Successful CMOs achieve growth by leveraging technology. Join us for GrowthBeat Summit on June 1-2 in Boston
, where we'll discuss how to merge creativity with technology to drive growth. Space is limited. Request your personal invitation here
Once again, Silicon Valley breeds a new batch of millionaires: #TwitterIPO.
Given this new surge of wealth in the Bay Area, you might ask: How does the average Joe survive in the uber expensive San Francisco Bay Area? After all, parking lots the length of 101 are filled with Teslas, M3s, Porsches and Mercedes. Palo Alto real estate has become synonymous with McMansions. And now Mark Zuckerberg and Marissa Mayer have taken conspicuous consumption to all new levels by buying up property around their homes.
My take? Wealth in itself is not a bad thing. Wealth causing a talent drain as people leave the Bay Area because they can’t get ahead is a problem.
And it’s only getting worse.
Where are the average Joes?
It may be hard to believe, but not everyone in Silicon Valley is sitting on stock options. And that means the San Francisco Bay Area is priced beyond the average person’s means: Off-the-charts housing costs, $6.00 coffee, and runaway arrogance have created a not-so subtle shift in the mindset of entrepreneurs: from aiming to change the world to bragging rights on bloated bank accounts.
This seems especially true for millennials. It’s not necessarily their fault; rather, a product of the environment in which they grew up. Before Twitter, we had plenty of other get rich quick precedents, including Instagram and Facebook. The whole Silicon Valley mythos has everyone wanting to jump on the startup bandwagon of “Get Acquired or Bust.”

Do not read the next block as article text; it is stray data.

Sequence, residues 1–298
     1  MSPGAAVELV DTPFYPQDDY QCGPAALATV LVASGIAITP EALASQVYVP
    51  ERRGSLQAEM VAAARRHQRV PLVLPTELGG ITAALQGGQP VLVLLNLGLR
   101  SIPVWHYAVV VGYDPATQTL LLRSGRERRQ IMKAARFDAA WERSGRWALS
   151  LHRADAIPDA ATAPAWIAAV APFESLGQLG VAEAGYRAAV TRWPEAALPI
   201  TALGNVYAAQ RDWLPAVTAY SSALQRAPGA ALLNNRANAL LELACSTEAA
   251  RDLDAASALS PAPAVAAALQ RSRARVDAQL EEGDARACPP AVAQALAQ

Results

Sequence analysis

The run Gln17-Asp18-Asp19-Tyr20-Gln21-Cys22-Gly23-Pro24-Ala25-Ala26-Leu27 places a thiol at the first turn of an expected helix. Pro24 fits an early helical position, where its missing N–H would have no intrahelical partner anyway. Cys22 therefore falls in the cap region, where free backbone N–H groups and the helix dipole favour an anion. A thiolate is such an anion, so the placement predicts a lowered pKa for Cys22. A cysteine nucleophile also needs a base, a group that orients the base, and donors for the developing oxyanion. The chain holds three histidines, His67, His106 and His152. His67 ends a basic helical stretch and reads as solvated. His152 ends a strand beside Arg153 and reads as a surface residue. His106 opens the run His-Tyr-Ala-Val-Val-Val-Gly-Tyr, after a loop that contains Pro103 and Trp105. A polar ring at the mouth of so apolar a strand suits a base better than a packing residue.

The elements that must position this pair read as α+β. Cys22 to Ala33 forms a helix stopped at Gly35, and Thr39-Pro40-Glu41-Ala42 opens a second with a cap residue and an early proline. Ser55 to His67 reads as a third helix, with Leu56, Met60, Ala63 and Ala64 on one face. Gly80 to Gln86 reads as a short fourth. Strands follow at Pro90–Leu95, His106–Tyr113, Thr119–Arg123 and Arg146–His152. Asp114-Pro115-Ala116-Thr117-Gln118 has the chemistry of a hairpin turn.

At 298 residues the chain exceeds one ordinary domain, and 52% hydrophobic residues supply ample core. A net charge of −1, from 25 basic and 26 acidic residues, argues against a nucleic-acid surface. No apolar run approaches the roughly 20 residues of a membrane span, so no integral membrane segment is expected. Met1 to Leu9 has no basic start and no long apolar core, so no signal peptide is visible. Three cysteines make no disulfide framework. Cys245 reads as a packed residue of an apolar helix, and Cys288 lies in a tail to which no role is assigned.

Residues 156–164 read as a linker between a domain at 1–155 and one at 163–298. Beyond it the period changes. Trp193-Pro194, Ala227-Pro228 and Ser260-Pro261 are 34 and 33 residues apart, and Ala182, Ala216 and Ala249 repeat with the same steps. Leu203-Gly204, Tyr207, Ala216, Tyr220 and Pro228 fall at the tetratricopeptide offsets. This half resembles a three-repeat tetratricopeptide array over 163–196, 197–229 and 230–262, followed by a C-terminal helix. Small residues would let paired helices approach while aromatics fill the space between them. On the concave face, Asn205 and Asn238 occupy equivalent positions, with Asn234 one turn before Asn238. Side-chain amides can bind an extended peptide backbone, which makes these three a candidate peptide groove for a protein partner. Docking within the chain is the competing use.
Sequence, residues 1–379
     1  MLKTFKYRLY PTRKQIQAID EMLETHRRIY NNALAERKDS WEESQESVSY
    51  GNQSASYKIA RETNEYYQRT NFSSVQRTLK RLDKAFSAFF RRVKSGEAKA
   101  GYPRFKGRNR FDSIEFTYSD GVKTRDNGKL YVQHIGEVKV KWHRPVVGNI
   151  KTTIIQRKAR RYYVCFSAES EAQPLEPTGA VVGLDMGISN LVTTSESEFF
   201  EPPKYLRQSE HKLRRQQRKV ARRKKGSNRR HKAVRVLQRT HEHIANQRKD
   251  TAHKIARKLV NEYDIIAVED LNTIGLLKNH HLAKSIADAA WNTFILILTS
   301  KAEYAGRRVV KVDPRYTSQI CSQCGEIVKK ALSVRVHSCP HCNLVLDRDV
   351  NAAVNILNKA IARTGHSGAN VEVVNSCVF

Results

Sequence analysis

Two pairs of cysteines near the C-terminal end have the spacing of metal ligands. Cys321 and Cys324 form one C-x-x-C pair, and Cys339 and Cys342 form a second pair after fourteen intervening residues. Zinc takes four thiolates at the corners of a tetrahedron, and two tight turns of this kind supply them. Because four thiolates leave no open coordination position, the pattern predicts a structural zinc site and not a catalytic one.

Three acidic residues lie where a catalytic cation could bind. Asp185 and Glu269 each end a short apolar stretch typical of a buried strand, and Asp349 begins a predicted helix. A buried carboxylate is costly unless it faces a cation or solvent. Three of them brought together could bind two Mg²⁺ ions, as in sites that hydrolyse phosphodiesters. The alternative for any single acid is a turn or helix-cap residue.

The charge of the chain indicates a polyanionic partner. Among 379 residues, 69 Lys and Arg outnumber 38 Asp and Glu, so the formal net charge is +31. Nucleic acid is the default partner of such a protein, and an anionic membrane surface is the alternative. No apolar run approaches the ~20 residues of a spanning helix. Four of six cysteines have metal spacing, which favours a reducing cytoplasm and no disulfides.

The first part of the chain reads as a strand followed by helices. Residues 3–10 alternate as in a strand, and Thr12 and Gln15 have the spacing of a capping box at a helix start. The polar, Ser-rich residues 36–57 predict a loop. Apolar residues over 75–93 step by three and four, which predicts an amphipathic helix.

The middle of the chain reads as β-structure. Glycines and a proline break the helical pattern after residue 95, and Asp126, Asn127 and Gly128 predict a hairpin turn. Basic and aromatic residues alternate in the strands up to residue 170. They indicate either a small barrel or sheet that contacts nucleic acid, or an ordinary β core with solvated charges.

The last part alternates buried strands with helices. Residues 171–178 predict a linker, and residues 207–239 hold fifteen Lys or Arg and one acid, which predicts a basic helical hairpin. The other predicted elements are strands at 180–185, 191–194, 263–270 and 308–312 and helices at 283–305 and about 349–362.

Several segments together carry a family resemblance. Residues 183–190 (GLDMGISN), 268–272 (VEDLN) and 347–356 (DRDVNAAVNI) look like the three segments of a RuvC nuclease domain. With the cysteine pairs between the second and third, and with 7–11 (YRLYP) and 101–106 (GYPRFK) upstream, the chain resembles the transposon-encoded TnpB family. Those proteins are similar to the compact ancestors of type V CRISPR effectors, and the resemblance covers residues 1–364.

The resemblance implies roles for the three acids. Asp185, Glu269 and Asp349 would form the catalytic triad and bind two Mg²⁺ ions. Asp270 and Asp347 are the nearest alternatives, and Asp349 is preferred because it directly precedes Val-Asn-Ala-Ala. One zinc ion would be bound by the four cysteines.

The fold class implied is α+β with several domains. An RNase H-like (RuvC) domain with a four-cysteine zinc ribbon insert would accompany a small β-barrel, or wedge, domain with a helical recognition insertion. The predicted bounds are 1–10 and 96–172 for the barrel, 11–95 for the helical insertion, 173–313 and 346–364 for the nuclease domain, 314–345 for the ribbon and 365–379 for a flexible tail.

Venture capitalists have vested interests in continuing that effort. The question remains: who is going to step up and build a real, sustainable product that changes the world as we know it?
The buyout sellout
The entire purpose of technology (in a utopian world) is to make the world a better place. But right now, people are being rewarded — for failing.
Startups come out of incubators valued at $12 million, when they’re really worth 1/3 of that amount. VCs continue to pour millions into them. Everything is focused on making obscenely large profits versus creating technology that will benefit society.
Take Snapchat, the mobile image and video-sharing app in which pictures disappear seconds after you receive them. Its revenue to date: $0.
What do you suppose a company like that would be valued at? Probably not in the neighborhood of $3.6 billion, which — if rumors of a new round of investments are true, would be its current valuation. This is after the founders raised $60 million from investors.
Like blowing up a balloon, Snapchat and its investors are inflating its valuation and trying to get a bigger player like Facebook to buy it out. In the end, it’s all hot air.
Millennials are entering the workforce primed for this bubble mentality. Research shows them to be an entitled generation that’s dismissive of others and intolerant of hardship and negative feedback. Silicon Valley’s current culture enforces this delusion.